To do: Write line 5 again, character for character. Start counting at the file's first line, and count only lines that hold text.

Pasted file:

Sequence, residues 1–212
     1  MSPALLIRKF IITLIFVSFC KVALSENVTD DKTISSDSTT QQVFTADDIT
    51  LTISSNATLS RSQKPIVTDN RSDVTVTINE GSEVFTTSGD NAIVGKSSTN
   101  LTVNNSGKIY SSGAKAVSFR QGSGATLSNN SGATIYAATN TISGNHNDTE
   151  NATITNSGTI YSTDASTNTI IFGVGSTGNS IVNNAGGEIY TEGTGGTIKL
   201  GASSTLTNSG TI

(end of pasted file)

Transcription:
   151  NATITNSGTI YSTDASTNTI IFGVGSTGNS IVNNAGGEIY TEGTGGTIKL